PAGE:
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I can attest to this possibility as it happened on my car and I did my own repairs so I know that caused same in my vehicle. If you don't know disc brakes work by a rotor attached to your wheel/tire and a set of two pads, one on each side of the rotor, that are clamped and squeezed when you press your foot brake pedal. Though hugely rare it is possible ...


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For such scenarios, best is to hammer on nut but parllal to line using blunt piece of metal. I use a cut piece of L-key. This being the most effective. If you use grip plier, probably the line will have to be cut, put a new nut and then get flared the end by some professional.


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As soon as I replaced the rear, the pedal would get hard during bleeding, but as soon as I started the truck the pedal falls to the floor no matter how many bleeds I perform. This happens because of power brakes. The pedal is hard when there is no power assist. When you start the engine, the power assist starts. Then the pedal will become more "...


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Simple geometry - when the wheel is locked (by brakes), it will apply the force to the trailing arm (in most suspensions) compressing the spring. Think of it as a lever.


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It depends on the rear suspension of the vehicle as to whether it will "dip" or not under the circumstances you're talking about. The type of rear suspension I'd suspect you are describing is a cantilever design, where there is a forward pivot point at the body, then the two hub ends project towards the back of the car. This forms a large "U&...


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There are many reasons: Car brakes are much larger in proportion to the fully-laden car as truck brakes are to the fully-laden truck. There is very little risk of brake overheat and brake fade in a car. An over-speeding car is easy to slow down when going downhill. An over-speeding truck is much more difficult. The cost of running a truck is of high ...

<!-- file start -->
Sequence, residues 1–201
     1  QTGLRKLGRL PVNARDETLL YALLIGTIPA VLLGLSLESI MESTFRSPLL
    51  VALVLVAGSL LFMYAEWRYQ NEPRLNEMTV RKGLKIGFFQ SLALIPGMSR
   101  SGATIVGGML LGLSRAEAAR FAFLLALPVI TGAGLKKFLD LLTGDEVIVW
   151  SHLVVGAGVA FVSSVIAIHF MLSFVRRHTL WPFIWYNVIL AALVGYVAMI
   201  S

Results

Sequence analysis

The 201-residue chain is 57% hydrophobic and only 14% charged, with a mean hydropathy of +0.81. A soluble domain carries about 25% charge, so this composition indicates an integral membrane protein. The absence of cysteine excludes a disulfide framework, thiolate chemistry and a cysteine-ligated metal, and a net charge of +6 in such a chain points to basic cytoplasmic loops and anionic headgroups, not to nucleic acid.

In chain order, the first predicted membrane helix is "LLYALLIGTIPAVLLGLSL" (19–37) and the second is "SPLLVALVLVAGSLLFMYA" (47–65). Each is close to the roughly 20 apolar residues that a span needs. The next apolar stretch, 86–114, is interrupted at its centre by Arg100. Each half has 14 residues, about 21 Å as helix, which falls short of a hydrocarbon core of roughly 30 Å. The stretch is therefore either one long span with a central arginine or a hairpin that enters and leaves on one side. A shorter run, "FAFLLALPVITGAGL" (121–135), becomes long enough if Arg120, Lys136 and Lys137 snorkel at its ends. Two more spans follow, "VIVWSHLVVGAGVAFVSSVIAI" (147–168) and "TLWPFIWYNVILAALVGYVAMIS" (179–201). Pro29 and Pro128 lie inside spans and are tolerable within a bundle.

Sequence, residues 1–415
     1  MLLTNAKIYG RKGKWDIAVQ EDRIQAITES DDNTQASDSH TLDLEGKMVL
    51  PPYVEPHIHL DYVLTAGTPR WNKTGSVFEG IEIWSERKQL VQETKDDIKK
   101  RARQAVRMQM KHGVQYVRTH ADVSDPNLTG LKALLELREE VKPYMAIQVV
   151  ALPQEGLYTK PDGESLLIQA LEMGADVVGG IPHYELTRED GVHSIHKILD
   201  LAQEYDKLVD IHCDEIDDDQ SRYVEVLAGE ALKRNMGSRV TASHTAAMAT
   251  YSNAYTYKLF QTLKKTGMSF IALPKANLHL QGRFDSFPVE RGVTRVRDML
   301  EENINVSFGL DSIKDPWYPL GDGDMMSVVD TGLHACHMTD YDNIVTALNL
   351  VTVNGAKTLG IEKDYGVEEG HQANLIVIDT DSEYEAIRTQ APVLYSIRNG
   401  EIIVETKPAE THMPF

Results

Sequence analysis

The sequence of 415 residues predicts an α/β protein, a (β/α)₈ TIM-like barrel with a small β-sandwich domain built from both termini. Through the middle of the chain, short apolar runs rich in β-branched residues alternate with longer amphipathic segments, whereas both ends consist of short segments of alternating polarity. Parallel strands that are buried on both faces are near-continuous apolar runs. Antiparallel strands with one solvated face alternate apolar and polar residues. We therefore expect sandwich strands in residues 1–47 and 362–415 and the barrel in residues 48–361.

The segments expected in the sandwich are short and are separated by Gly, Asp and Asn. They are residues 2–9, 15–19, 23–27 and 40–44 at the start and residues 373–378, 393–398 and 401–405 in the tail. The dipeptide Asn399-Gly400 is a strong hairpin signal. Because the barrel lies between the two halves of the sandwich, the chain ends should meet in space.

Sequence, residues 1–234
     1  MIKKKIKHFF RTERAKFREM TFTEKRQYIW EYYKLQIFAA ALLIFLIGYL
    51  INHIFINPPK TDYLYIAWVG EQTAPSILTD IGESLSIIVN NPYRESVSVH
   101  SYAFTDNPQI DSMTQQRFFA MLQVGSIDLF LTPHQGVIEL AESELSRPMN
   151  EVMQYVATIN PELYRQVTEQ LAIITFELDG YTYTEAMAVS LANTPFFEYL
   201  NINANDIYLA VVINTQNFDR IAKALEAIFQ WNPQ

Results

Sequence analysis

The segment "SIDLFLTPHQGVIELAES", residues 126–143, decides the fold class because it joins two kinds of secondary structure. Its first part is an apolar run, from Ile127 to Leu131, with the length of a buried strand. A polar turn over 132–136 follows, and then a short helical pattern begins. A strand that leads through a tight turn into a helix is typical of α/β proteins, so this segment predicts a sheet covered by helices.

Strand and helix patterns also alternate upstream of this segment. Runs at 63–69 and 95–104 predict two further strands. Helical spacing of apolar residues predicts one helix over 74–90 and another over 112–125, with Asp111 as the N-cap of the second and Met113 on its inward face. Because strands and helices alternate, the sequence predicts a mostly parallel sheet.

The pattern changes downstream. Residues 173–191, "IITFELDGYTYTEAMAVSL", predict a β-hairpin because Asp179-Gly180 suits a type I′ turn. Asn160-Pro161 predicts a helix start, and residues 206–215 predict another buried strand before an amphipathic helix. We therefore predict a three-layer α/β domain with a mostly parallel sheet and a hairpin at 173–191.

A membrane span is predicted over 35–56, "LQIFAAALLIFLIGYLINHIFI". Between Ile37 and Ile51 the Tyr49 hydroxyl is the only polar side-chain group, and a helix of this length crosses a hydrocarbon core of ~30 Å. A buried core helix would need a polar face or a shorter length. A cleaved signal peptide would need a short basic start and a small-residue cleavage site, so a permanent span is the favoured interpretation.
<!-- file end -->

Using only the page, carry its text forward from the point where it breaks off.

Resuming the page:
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Well, the extra weight and cost of the equipment are two points, small in comparison to the weight of the trucks. The accountants (bean counters) for the car manufacturers are always trying to keep car manufacturing costs to a minimum as saving a penny on 50,000 cars makes a difference. Not only that, the brake shoes and pads are much more expensive on ...


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The temperatures between the two sides should be similar. If one side is significantly hotter than the other (that seems to be what you're saying) then there is definitely a problem with one side or the other. It could be that the "cold" side it not working properly and so the braking load all fell on the other side. (Keep in mind that even ...


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Rotors ( and drums) can be resurfaced as long as more than the specified minimum thickness remains. Minimum thickness may be marked on rotors or you need to look it up. I would also look for a new garage.


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No, they do not. They depend mostly on SPEED and WEIGHT. The faster and heavier your car is, the bigger the energy your brakes are gonna have to dissipate in heat form. Just put the numbers on this little known formula: e=m*c² and you will find how much energy your system will have to dissipate. Tires matters, bigger diameter disks helps, because of the ...


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